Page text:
Summary of abdominal imaging findings in COVID-19 in adults.
|• Increased or coarsened echogenicity on US|
|• Hypoattenuation on non-contrast or contrast enhanced CT|
|• Periportal edema and heterogeneous enhancement on CT|
|• Loss of signal on opposed-phase sequences on MRI|
|• Portal vein thrombus|
|Pancreas||• Features of acute interstitial pancreatitis|
|Biliary Tree||• Biliary ductal dilatation|
|Kidney||• Increased or heterogeneous parenchymal echogenicity on US|
|• Loss of corticomedullary differentiation on US|
|• Preserved cortical thickness|
|• Perinephric fat stranding and thickening of Gerota’s fascia on CT|
|• Wedge shaped perfusion defects on CT or MRI|
|• Thrombus in the renal artery or vein|
|• Mural edema|
|• Acalculous cholecystitis|
|Urinary Bladder||• Bladder wall thickening|
|• Mural hyperenhancement|
|• Perivesicular stranding|
|Bowel||• Mural thickening|
|• Fluid-filled colon|
|• Pneumatosis intestinalis|
|• Portal vein gas|
|• Acute mesenteric ischemia|
|• Vascular occlusion (superior mesenteric artery, superior mesenteric vein, or portal vein)|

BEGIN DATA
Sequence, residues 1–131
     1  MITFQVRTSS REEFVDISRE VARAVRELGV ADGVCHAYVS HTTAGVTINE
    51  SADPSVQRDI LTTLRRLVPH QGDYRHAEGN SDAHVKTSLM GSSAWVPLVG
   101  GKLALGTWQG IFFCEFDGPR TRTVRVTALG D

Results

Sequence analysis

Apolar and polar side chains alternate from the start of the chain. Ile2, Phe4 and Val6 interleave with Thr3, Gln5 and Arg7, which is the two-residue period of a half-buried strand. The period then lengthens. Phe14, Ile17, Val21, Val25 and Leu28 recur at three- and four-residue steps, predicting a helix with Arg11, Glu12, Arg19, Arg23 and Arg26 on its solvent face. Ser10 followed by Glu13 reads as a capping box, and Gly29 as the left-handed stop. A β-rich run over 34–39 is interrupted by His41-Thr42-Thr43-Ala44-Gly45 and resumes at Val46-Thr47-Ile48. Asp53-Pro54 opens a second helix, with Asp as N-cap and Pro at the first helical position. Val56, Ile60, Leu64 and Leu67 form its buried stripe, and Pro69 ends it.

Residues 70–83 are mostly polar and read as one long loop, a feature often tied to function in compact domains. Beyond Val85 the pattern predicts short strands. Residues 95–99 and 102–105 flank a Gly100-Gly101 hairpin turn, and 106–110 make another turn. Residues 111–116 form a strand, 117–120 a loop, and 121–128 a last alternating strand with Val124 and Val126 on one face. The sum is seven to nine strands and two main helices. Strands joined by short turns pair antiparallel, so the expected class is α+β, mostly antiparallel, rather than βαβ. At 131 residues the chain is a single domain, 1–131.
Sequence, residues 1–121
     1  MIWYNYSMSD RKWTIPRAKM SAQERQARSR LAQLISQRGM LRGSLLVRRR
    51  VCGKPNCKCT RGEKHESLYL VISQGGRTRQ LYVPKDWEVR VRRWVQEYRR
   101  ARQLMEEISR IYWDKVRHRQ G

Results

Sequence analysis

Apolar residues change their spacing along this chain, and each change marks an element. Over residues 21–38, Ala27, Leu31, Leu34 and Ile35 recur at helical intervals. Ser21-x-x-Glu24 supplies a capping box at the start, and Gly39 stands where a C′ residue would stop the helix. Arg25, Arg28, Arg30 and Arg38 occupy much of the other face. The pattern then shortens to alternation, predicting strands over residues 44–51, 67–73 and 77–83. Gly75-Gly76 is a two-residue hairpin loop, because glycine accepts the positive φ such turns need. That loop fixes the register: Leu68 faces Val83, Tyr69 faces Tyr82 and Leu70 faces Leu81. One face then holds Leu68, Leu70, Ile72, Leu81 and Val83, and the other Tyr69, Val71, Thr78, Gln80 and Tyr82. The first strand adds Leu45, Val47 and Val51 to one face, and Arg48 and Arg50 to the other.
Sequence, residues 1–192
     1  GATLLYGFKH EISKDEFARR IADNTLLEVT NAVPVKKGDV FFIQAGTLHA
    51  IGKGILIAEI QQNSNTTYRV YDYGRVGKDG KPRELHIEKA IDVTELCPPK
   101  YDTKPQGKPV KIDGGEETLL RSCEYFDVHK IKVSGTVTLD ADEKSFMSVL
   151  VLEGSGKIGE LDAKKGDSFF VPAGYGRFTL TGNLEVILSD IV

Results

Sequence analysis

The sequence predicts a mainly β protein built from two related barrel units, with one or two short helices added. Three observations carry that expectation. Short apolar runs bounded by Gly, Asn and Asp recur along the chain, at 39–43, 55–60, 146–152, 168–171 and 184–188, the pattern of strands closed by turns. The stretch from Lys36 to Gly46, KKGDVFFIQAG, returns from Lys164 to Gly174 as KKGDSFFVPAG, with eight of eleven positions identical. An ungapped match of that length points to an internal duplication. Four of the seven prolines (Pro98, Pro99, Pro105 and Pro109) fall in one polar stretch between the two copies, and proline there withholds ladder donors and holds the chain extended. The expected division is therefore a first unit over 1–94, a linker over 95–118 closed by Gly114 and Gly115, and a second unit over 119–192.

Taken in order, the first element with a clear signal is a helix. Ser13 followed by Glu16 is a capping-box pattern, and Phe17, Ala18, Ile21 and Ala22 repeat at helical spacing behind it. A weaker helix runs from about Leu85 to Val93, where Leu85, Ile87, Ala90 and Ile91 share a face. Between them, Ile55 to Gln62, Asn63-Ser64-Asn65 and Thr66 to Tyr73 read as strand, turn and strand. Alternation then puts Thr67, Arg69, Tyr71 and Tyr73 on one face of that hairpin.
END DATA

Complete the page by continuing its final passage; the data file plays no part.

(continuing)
|• Mesenteric fat stranding, ascites|
|• Active gastrointestinal bleeding (duodenal or gastric ulcer) on CTA|
|• Clostridium difficile colitis|
|• Ischemic colitis|
|Spleen||• Wedge shaped perfusion defects on CT or MRI|
|• Thrombus in the splenic artery or vein|
Summary of imaging findings in Multisystem Inflammatory Syndrome in Children.
|Cardiothoracic||• Bilateral symmetric diffuse airspace opacities with lower lobe predominance on CXR|
|• Diffuse ground glass opacity, septal thickening, and mild hilar lymphadenopathy on CT|
|• Bilateral pleural effusions|
|• Pericardial effusion|
|• Myocarditis pattern on cardiac MRI|